Defenders of Canada's universal health system are protesting the expiry of a federal-provincial funding accord.
The 10-year, $41-billion health accord struck in 2004 expires Monday. Canada's Health Transfer to the provinces and territories will grow by six per cent every year until 2017. After that, increases are tied to the growth of the economy and they do not have conditions attached.
As activists gear up to celebrate Transgender Awareness Week, an often under reported issue for transgender residents is healthcare.
The topic was one of many discussed by residents, policy makers and politicians at a packed panel discussion at the Avenue Community Centre (ACC) on Friday.
Saskatoon Health Region mental health and addiction services worker Jai Richards said issues for transgender people can start as soon as they enter the waiting room.
Regina is just on the cusp of spring and as the snow melts and athletic fields emerge, spring sports will start to get under way.
Girls in the Game is trying to get the city's young girls in on those sports. The program, which began in 2008, is aimed at girls five to 12 years old.
"We focus on cooperation, friendly environments, welcoming environments and that way we can increase confidence, competence, and friendship," explained Chelsea Clifford, program manager with Girls in the Game.
It is with great happiness that Tim Bozon is being discharged from the Royal University Hospital in Saskatoon after a remarkable recovery from meningitis.
The Kootenay Ice player and Montreal Canadiens prospect contracted the illness on March 1 after playing the Saskatoon Blades. He ended up in a medically-induced coma for nearly a month. In just three hours, he went from healthy to "almost a dead body."
The Saskatoon Health Region hopes a new web series will help plan the city's healthcare future by looking beyond hospitals and clinics.
The Better Health for All: Health Status Reporting Series is an ongoing report about health factors within the city.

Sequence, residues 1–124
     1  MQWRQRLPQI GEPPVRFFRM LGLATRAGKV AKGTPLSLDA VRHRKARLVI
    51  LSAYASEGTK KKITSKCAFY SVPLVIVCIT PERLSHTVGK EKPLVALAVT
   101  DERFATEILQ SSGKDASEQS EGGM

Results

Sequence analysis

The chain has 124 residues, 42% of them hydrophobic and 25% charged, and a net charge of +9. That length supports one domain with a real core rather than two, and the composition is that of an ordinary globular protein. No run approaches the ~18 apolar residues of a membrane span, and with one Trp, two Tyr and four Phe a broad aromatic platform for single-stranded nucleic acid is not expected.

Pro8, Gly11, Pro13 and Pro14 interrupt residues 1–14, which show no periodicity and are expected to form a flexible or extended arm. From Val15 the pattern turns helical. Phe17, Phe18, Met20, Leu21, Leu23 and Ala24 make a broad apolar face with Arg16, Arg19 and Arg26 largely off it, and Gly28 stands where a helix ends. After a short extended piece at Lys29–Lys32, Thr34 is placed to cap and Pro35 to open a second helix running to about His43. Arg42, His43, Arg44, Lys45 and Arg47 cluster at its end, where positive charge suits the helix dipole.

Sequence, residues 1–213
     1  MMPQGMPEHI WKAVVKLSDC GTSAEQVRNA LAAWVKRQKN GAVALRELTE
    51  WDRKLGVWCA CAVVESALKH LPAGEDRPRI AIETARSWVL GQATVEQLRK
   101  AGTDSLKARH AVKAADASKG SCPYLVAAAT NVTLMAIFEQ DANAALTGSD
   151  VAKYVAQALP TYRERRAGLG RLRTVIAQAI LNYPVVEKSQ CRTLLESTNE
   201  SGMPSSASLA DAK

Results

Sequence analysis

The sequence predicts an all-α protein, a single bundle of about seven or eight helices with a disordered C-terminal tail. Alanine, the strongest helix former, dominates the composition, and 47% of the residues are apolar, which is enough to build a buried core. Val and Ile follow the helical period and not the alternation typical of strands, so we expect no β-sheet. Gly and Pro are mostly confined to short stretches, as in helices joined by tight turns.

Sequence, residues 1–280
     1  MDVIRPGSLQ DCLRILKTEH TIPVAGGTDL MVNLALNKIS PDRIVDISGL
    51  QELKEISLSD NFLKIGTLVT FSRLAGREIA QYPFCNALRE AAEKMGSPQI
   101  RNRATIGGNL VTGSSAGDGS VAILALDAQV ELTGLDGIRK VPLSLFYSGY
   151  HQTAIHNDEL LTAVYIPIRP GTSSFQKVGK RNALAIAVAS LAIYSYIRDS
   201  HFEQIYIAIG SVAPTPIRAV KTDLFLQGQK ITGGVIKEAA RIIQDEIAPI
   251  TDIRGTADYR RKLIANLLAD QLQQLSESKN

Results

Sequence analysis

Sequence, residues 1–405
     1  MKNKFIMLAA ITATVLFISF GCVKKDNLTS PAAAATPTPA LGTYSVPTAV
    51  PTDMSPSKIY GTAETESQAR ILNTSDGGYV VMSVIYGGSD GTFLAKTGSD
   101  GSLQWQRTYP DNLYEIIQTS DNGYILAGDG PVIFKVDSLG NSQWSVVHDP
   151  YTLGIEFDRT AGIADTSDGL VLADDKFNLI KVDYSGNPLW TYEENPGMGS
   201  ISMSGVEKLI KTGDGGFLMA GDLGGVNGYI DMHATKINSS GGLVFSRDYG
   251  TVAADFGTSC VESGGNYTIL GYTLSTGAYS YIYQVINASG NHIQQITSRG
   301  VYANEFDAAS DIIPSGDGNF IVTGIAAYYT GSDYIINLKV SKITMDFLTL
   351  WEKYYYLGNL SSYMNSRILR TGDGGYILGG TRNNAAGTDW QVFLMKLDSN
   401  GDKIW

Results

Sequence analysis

Using data from Statistics Canada’s Household Survey, the first of five reports looks at the city’s demographics including income, employment, education, housing, age and population growth to determine the health needs of the public.
We’ve been hearing a lot about the $40 million contract awarded to an American Lean consultant—especially the $40 million part. But one local consultant says we’re ignoring the most important part of the conversation.
“This whole discussion has turned into that $40 million discussion, rather than what are we doing for the patients, residents, clients of Saskatchewan,” said Dale Schattenkirk, CEO of Learning to See Consulting (LTS) in Regina.
The City of Regina has admitted it doesn't let the public know when serious incidents happen at swimming facilities.
Last week a four-year-old boy in a pre-kindergarten program was found floating face-down in the Sandra Schmirler Leisure Centre pool. According to the city's Chris Holden, CPR was used to resuscitate the child, who was then taken to hospital and ultimately transferred to Saskatoon's Royal University Hospital. the city says he seems to have recovered.
Sam Charabin smiles and says "tickle, tickle" as he gently touches four-month-old puppy Peanut at the Pawsitive Independence training centre.
Three weeks ago, 17-year-old Sam wouldn't go near a dog, now his mom is watching this puppy make its way into his world.
"It's quite obvious that he enjoys her company," Susan Charabin said.
Susan hopes this puppy will keep Sam safe and also give him independence.
Imagine if your child had 20 seizures a day and you had no specialist to call. That's not far off from what some mothers experience in southern Saskatchewan.
“It’s a scary, scary thing. Your kid’s brain is firing off and you don’t know why,” said Jacqui Cameron.
She was part of a small contingent that descended on the legislature Wednesday, pushing for the province to hire more pediatric neurologists.
Cameron’s son Rylan has been to four different provinces to see eight different pediatric neurologists.
The Saskatoon Health Region is aiming high this year with a plan to get nearly every emergency patient into a bed within five hours.
Their target is to have 85 per cent of patients who need to be admitted to hospital from emergency in the right bed within five hours, with the goal of completely eliminating wait times by March 2016.
“That’s one big hairy audacious goal,” SHR president Maura Davies said.
“That’s a provincial target and we have a lot of work to do this year to get us to that ultimate goal two years from now.”